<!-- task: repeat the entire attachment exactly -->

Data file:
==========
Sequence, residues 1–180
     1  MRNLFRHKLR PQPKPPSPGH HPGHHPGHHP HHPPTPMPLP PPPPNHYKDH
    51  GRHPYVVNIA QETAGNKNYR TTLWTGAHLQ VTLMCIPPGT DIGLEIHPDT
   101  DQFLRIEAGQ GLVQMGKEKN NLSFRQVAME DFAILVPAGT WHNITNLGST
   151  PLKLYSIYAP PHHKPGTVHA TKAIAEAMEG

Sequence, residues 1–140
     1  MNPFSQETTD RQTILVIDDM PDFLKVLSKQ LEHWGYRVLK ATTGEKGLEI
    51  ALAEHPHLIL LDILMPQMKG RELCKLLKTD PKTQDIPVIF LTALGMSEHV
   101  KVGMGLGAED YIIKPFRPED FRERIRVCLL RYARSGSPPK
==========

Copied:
Sequence, residues 1–180
     1  MRNLFRHKLR PQPKPPSPGH HPGHHPGHHP HHPPTPMPLP PPPPNHYKDH
    51  GRHPYVVNIA QETAGNKNYR TTLWTGAHLQ VTLMCIPPGT DIGLEIHPDT
   101  DQFLRIEAGQ GLVQMGKEKN NLSFRQVAME DFAILVPAGT WHNITNLGST
   151  PLKLYSIYAP PHHKPGTVHA TKAIAEAMEG

Sequence, residues 1–140
     1  MNPFSQETTD RQTILVIDDM PDFLKVLSKQ LEHWGYRVLK ATTGEKGLEI
    51  ALAEHPHLIL LDILMPQMKG RELCKLLKTD PKTQDIPVIF LTALGMSEHV
   101  KVGMGLGAED YIIKPFRPED FRERIRVCLL RYARSGSPPK